UN Secretary-General Ban Ki-moon with the Turkish Cypriot leader, Mustafa Akinci and the Greek Cypriot leader Nicos Anastasiades during the Cyprus talks. UN Photo / Jean-Marc Ferré
Anastasiades and Akinci will meet in Geneva to continue negotiations about Cyprus' reunification on 9 January, next week.
On the 11th of January, they will present their respective maps on the issue of territory. From the 12th of January, a Conference on Cyprus will be convened and will take place in the Palais des Nations with the added participation of the so-called guarantor powers (Greece, Turkey and United Kingdom).
The EU has reiterated its support to the ongoing process for the reunification of Cyprus and stated that whilst the country is and will remain a member of the Union after the Settlement, stands ready to participate at the Geneva Conference. Anastasiades and Akinci recognise that any settlement must respect EU values and principles, ensuring that the fundamental rights and freedoms of all Cypriots are protected.
Under the direct management of President Juncker and Vice-President Dombrovskis, the Structural Reform Support Service (SRSS) coordinates the Commission's efforts to support the process and is also responsible for the implementation of the EU Aid Programme for the Turkish Cypriot community as well as monitoring the application of the Green Line Regulation.
Cyprus joined the EU on 1 May 2004 as a de facto divided island. Current negotiations (under the auspices of the UN) aim to reach a comprehensive settlement leading to the re-unification of the island and establish a bi-zonal, bi-communal federation in which the Greek and Turkish communities would enjoy political equality. Such a settlement would end a conflict that is now more than 40 years old.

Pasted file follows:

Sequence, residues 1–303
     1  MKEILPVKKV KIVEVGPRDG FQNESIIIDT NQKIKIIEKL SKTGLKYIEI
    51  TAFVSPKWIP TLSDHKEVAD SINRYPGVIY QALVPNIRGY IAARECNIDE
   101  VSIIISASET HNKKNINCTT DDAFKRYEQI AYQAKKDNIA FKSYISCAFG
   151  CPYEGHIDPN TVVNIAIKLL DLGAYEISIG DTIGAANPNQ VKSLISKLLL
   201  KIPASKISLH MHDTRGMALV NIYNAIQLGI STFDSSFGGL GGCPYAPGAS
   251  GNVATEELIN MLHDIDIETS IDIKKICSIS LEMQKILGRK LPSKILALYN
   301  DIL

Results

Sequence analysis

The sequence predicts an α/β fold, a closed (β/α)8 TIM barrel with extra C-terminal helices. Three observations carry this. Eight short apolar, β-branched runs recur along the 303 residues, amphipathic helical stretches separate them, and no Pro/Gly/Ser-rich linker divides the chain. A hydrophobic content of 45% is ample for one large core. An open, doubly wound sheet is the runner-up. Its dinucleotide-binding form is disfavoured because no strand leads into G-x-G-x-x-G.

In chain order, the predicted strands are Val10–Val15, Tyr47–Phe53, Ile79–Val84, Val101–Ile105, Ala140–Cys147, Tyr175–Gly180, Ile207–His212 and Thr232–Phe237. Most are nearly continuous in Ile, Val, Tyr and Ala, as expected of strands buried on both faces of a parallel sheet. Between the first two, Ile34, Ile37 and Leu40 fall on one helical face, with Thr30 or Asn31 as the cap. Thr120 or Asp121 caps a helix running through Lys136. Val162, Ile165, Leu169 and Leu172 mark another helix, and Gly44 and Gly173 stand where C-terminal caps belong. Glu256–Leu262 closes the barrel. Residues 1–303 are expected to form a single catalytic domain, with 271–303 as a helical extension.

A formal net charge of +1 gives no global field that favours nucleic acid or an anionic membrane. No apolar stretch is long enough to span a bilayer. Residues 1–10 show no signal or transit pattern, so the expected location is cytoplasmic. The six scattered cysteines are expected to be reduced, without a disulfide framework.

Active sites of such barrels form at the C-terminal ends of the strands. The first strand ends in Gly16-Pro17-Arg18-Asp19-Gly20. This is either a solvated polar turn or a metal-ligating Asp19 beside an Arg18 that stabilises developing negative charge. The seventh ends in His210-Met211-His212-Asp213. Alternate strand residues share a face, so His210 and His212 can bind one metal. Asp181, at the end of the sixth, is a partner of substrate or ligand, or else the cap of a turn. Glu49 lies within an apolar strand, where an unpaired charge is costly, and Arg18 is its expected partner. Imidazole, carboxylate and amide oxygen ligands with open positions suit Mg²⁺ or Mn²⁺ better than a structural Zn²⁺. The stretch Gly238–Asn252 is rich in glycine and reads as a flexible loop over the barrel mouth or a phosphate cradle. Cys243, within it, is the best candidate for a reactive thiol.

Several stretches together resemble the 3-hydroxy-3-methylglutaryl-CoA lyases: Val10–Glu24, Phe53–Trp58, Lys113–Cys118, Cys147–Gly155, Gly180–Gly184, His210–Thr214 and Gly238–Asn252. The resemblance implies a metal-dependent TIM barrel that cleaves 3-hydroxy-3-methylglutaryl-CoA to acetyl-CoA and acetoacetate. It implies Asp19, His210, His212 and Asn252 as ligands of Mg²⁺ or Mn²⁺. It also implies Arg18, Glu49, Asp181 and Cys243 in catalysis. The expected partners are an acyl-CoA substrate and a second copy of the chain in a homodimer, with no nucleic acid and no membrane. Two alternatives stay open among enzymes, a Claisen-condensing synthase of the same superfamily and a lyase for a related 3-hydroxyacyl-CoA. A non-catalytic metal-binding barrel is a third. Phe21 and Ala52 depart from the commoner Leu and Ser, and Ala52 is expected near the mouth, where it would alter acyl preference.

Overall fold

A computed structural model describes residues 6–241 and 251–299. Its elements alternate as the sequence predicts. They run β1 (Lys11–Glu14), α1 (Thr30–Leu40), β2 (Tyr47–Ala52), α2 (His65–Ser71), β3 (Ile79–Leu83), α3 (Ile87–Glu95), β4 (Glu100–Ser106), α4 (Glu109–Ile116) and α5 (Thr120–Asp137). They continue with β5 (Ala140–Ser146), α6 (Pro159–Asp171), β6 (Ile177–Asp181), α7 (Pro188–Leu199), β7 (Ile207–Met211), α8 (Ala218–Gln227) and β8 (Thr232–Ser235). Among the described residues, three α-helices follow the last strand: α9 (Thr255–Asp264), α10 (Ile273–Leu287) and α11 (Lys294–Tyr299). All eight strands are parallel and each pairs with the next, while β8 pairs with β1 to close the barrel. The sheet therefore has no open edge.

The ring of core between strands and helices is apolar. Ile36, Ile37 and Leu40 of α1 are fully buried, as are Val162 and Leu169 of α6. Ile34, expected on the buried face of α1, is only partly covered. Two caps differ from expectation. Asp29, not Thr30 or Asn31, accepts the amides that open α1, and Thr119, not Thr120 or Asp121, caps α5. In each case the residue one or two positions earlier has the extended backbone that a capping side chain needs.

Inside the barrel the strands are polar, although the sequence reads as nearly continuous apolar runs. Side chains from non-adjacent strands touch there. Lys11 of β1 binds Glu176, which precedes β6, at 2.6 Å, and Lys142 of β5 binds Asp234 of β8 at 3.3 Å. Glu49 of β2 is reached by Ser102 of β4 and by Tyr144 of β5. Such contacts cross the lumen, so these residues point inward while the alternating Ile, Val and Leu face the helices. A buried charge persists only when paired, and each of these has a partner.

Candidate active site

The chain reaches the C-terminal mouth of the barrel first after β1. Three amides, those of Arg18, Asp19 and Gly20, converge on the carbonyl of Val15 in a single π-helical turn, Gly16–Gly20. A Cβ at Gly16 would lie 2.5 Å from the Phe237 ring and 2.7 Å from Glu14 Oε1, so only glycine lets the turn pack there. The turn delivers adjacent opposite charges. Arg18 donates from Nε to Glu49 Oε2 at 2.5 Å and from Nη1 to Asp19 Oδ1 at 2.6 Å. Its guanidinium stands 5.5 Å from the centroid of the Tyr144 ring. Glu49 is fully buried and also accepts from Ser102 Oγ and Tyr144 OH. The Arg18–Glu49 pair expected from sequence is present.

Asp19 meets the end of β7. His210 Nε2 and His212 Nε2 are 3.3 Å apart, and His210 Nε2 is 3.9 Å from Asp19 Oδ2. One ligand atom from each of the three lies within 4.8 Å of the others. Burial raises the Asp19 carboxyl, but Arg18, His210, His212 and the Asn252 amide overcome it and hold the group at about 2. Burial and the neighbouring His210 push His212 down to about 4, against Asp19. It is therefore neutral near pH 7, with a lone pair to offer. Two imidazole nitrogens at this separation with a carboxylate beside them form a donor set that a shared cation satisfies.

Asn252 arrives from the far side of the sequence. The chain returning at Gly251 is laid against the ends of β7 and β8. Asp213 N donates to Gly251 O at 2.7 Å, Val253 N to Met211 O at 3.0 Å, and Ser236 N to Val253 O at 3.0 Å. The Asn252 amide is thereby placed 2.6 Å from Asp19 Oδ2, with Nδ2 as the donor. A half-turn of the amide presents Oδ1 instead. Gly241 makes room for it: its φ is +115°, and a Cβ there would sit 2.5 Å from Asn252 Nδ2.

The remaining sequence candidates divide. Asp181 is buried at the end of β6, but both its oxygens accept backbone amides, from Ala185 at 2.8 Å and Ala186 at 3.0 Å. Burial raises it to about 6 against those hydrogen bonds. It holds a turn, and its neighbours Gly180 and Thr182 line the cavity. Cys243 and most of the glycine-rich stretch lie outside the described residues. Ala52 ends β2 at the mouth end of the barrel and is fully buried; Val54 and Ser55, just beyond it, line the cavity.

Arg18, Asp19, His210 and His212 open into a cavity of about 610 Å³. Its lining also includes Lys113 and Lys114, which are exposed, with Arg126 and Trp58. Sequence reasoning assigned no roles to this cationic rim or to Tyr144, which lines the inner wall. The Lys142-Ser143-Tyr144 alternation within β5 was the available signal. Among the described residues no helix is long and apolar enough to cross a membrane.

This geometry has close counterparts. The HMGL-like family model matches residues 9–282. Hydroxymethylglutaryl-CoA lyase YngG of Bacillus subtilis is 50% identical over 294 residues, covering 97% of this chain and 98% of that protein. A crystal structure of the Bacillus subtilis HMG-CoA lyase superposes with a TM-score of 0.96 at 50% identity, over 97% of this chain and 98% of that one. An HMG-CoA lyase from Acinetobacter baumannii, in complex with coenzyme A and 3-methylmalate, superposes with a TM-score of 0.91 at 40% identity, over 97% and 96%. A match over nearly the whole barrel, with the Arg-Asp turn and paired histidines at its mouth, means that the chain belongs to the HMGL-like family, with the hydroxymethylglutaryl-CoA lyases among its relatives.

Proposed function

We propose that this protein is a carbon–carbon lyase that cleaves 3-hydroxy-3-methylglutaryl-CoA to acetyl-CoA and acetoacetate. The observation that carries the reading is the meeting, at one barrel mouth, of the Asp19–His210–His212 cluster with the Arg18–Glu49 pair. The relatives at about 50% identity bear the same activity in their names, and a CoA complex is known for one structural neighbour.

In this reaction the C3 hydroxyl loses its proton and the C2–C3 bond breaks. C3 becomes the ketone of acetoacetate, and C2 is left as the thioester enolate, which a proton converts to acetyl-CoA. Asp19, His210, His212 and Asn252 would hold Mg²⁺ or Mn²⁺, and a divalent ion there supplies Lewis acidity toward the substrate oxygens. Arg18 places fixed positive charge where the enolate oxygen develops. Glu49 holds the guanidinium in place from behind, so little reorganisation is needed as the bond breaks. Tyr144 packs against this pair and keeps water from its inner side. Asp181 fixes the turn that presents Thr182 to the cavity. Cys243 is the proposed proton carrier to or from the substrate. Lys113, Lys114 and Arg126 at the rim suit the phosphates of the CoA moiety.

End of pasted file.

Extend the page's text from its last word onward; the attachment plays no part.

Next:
The Green Line
The whole of Cyprus is EU territory. However, in the Northern part of the island, where the Government of Cyprus does not exercise effective control, EU legislation is suspended in line with protocol 10 of the 2003 accession treaty.
Since 1974 the "Green Line" separates the two parts of the island. The EU's Green Line Regulation sets out the terms under which persons and goods can cross this line, which is not an external border of the EU.
The main practical effect is that the Northern areas are outside the EU's customs and fiscal territory – but this does not affect the personal rights of Turkish Cypriots as EU citizens. They are citizens of an EU country - the Republic of Cyprus - even if they live in a part of Cyprus not under government control.
The situation will change once a Cyprus settlement enters into force and EU rules apply over the whole of the island. According to the Commission, whereas many people move across the Green line every day, trade across the line is limited, approximately EUR4 million per year.
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